Furthermore, each Event Calculus domain-independent axiom can be specialised according to the constants and function symbols that appear in the head predicate of each domain-dependent definition. In our example, for instance, the head predicate InitiatedAt(meet(p1,p2), t) contains the function symbol meet/2. Therefore, we can specialise the Event Calculus domain-independent axiom by substituting the fluent variable with the function symbol meet/2:

// the original inertia axiom
!HoldsAt(f, t) ^ !InitiatedAt(f, t) => !HoldsAt(f, t++).
// is specialised as:
!HoldsAt(meet(p1,p2), t) ^ !InitiatedAt(meet(p1,p2), t) => !HoldsAt(meet(p1,p2), t++).

This process is being applied for all head predicates of all definite clauses.

Finally, we can replace InitiatedAt(meet(p1,p2), t) with the corresponding equivalence. With that process, the knowledge base is translated into an equivalent one and the InitiatedAt/2 and TerminatedAt/2 predicates are completely eliminated. As a result, we do not need the supervision for InitiatedAt/2 and TerminatedAt/2 and the training problem is now fully supervised.

In brief, LoMRF can automatically rewrite definite clause definitions, in order to create such equivalences and simplify the knowledge base by applying the following transformation: 1. Rewrite all definite clauses as equivalencies. 2. All axioms that contain the target head predicates are specialised, with respect to the constants and function that appear in the head predicates. 3. Replace all predicates with their equivalencies. 4. (optional step) Compute the Conjunctive Normal Form (CNF) of the theory.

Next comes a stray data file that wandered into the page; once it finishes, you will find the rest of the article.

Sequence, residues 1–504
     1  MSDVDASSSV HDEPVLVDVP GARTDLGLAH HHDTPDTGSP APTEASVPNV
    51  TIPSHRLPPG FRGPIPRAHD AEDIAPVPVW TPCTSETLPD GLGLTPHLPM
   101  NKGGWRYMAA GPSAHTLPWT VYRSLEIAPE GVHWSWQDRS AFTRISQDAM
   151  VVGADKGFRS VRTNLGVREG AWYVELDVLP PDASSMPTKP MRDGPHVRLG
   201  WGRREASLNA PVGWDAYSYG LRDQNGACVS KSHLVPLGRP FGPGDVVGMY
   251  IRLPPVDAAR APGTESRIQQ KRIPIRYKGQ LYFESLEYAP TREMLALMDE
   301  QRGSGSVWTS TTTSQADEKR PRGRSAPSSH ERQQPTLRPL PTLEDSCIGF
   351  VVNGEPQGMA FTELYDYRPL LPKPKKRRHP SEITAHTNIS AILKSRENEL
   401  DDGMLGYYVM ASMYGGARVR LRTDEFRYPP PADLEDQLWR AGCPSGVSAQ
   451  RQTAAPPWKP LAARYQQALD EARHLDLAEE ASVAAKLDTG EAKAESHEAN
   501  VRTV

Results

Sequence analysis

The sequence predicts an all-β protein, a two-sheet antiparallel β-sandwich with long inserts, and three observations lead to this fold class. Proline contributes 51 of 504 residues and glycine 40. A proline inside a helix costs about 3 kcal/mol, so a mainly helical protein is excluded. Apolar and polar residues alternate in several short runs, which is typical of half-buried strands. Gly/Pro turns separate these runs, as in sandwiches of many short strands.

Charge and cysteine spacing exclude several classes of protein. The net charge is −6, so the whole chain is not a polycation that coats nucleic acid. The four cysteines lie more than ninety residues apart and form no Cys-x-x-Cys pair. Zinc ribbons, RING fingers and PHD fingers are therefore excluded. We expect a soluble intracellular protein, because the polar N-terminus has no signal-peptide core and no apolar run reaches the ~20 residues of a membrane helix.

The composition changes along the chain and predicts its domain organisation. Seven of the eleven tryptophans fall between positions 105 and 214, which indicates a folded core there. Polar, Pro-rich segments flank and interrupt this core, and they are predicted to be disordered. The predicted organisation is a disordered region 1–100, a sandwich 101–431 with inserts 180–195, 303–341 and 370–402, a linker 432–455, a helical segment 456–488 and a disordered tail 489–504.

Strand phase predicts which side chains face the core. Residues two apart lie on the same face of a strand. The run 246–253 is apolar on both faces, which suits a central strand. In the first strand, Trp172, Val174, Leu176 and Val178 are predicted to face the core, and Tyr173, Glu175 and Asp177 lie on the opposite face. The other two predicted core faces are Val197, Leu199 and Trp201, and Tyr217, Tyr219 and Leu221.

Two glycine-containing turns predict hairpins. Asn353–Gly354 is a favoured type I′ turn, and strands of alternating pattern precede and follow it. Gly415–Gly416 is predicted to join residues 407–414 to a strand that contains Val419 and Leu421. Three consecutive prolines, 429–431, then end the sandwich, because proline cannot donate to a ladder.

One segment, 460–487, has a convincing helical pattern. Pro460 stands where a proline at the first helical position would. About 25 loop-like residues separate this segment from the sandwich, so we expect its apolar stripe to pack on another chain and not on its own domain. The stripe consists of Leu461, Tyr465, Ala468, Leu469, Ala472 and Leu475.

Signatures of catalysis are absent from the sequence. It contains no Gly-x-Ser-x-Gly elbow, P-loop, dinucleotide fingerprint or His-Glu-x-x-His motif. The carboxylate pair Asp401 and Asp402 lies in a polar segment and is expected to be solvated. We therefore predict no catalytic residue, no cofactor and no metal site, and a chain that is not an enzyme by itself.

All these steps can be applied by the lomrf compile command-line tool of LoMRF:

lomrf compile -i theory.mln -o theory_cnf.mln -cnf -w remove_all -pcm simplification

Where '-i theory.mln' is the original input theory MLN file, '-o theory_cnf.mln' is the resulting output file, '-cnf' specifies that all clauses in the resulting theory are in CNF form, '-w remove_all' specifies that all weights from formulas will be removed and '-pcm simplification' applied the whole transformation step (i.e., all first three steps).

Weight Learning

Once we have applied the preprocessing step, we can proceed to the weight learning step. Recall that sources from the examples are located in the LoMRF-data project (follow the instructions in Download Example Data). The files of this example are the following: * Knowledge base files: * Main MLN file in CNF: Data/Examples/Weight_Learning/Activity_Recognition/theory_cnf.mln * Definitions of moving activity: Data/Examples/Weight_Learning/Activity_Recognition/definitions/moving.mln * Definitions of meeting activity: Data/Examples/Weight_Learning/Activity_Recognition/definitions/meeting.mln * Training file for batch learning: Data/Examples/Weight_Learning/Activity_Recognition/training/batch/training.db * Training files for online learning: Data/Examples/Weight_Learning/Activity_Recognition/training/online/

Parameters: * Non-evidence predicates: -ne HoldsAt/2 * Input MLN theory: -i theory_cnf.mln * Input training data: -t training.db * Resulting output MLN theory: -o learned.mln * Enable loss augmented inference (also known as separation oracle) using the Hamming loss function by adding to the objective function during inference additional loss terms: -lossAugmented * Specify the learning algorithm, i.e., Max-Margin (default), Adagrad or CDA: -alg

Max-Margin Learning

lomrf wlearn -alg MAX_MARGIN -i theory_cnf.mln -t training.db -o learned.mln -ne HoldsAt/2 -lossAugmented

Online Learning using AdaGrad or CDA

lomrf wlearn -alg ADAGRAD -i theory_cnf.mln -t ./training/online -o learned.mln -ne HoldsAt/2

lomrf wlearn -alg CDA -i theory_cnf.mln -t ./training/online -o learned.mln -ne HoldsAt/2 -lossAugmented